A developer is planning to build the European Union’s tallest skyscraper in Madrid.
The 70-floor building would go up in the Chamartín district of the capital, and be part of a larger six-tower complex planned by Distrito Castellana Norte (DCN), has said company CEO Antonio Béjar.
The new buildings are slated for construction near four existing skyscrapers known as Las Cuatro Torres, whose 52-floor Torre Cristal, standing at 250 meters, is currently Madrid’s tallest tower.
Béjar said that the project “will redesign the city’s skyline and place Madrid among the main European capitals.”
According to Béjar, the six new towers “make up a balanced and sustainable urban setting.”
Béjar said the project has all necessary authorizations and technical approval reflected in 48 favorable reports. But it still lacks a municipal license. Béjar said that his company has not sent an ultimatum to city authorities, but that he hopes to get a reply before the end of this year.
“This real estate operation is more alive than ever; the start of construction work has never been closer. We have suffered political changes for two decades, but now we’re just waiting for a municipal license,” said Béjar.
The project is, in fact, 20 years old. Controlled by BBVA (with a 75.5% stake) and construction firm San José (24.5%), the company in charge of it was renamed Distrito Castellana Norte (DCN) in 2014 to overcome a series of legal hurdles.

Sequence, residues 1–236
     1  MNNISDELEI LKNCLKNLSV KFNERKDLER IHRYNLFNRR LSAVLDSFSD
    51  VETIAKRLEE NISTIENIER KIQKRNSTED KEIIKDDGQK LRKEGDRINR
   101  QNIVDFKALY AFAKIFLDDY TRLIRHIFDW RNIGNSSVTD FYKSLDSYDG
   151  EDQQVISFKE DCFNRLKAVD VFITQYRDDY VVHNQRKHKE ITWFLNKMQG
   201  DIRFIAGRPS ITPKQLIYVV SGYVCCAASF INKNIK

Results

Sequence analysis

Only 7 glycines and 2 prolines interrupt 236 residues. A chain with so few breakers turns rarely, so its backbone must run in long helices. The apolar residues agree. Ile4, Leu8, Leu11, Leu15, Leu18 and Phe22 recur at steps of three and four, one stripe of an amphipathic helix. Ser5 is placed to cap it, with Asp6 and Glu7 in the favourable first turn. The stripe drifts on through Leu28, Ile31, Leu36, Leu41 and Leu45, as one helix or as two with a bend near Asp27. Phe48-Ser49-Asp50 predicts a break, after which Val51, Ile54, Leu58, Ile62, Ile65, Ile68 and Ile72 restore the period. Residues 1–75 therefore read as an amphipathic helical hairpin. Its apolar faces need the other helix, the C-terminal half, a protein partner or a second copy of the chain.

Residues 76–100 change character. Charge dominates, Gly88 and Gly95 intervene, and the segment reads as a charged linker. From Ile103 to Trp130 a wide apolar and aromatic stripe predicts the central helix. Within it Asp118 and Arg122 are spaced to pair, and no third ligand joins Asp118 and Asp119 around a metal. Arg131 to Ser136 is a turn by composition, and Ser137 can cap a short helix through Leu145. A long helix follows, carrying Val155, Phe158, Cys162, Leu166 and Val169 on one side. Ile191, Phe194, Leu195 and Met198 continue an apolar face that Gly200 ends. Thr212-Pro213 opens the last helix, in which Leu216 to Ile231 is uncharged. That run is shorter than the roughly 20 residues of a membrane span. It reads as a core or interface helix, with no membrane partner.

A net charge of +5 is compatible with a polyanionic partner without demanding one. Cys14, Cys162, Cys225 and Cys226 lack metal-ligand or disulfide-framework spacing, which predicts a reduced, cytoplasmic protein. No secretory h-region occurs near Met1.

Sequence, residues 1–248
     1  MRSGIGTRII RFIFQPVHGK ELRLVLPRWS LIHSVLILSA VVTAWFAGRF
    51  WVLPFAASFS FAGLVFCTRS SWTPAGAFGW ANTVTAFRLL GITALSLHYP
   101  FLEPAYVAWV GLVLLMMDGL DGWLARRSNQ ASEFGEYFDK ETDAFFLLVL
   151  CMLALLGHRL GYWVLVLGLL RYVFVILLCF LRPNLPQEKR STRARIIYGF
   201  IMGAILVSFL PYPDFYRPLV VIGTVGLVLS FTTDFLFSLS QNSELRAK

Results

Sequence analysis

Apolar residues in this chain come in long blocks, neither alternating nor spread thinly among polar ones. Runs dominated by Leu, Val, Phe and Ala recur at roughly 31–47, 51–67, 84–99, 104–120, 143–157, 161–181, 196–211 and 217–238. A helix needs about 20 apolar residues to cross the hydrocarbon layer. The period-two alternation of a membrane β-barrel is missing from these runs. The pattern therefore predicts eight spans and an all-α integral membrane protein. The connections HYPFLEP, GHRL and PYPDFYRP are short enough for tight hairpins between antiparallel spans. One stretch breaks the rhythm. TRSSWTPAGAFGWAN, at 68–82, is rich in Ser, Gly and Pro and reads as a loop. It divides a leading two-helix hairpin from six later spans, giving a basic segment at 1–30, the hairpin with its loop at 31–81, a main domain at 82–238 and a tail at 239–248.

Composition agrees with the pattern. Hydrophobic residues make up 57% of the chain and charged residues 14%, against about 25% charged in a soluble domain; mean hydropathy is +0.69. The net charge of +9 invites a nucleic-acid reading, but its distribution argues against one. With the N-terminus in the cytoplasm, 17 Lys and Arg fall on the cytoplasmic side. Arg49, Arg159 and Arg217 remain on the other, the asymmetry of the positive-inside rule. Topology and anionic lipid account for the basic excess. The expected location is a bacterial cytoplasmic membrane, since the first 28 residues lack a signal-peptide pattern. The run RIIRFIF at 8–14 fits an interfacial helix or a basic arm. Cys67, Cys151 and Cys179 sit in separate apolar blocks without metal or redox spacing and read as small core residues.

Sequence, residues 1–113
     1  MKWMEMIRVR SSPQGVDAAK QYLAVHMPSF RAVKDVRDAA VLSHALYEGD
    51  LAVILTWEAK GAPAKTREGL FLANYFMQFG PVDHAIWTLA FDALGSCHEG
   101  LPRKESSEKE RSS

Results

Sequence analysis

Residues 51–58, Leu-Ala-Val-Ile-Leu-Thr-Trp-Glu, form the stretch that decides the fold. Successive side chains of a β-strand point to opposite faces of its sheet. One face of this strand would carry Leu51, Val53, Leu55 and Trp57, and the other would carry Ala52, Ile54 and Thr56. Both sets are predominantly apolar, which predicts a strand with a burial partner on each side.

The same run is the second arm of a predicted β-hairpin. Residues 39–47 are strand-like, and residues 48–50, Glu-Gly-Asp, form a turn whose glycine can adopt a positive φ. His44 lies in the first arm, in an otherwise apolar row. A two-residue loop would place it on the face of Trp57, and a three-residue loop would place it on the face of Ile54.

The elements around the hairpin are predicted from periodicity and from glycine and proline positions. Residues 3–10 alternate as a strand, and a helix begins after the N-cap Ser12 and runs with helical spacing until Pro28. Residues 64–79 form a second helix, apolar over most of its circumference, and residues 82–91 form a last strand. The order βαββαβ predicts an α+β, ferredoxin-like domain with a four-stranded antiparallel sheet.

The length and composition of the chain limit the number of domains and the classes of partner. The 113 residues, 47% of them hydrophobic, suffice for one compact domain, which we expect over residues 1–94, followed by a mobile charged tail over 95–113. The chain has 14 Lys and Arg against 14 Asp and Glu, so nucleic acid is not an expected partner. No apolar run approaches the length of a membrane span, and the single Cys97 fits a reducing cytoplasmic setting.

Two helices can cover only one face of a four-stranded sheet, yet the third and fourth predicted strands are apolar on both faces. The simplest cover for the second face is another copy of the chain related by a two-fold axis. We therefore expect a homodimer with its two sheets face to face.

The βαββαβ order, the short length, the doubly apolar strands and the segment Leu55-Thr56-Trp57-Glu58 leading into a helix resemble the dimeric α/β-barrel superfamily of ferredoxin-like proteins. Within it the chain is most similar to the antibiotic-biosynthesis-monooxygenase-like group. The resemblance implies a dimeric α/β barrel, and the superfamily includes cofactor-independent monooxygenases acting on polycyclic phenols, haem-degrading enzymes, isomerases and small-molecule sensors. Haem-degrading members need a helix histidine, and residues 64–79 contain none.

Béjar said that in his opinion, the project meets all requirements set out in city zoning legislation, particularly with regard to how much land may be built on.
The developer plans to extend the northern end of Paseo de la Castellana by a further 3.7km, bringing it all the way up to the M-40 ring road. It also wants to redesign a 311-hectare tract of land that would contain 17,699 homes, green areas totaling half the size of Retiro Park, and the towers themselves.
The plan represents a €6 billion investment by the owners, and would create 120,000 new jobs, according to DCN estimates. The company also says the city would benefit from €3.3 billion in taxes throughout the project.
Around 80% of the land (over 1.3 million square meters) would be turned over to public spaces and green areas, with the remaining 20% reserved for housing, commercial premises and office space.
The developer is also proposing improvements to transportation in the area, suggesting the need for new subway and commuter train stops, and new cycling paths.
DCN said the project “offers solutions to the problems of Madrid’s northern area and its residents.” Its CEO also claimed that 78% of Madrileños and 83% of nearby residents have a good or very good opinion of the project, according to several surveys.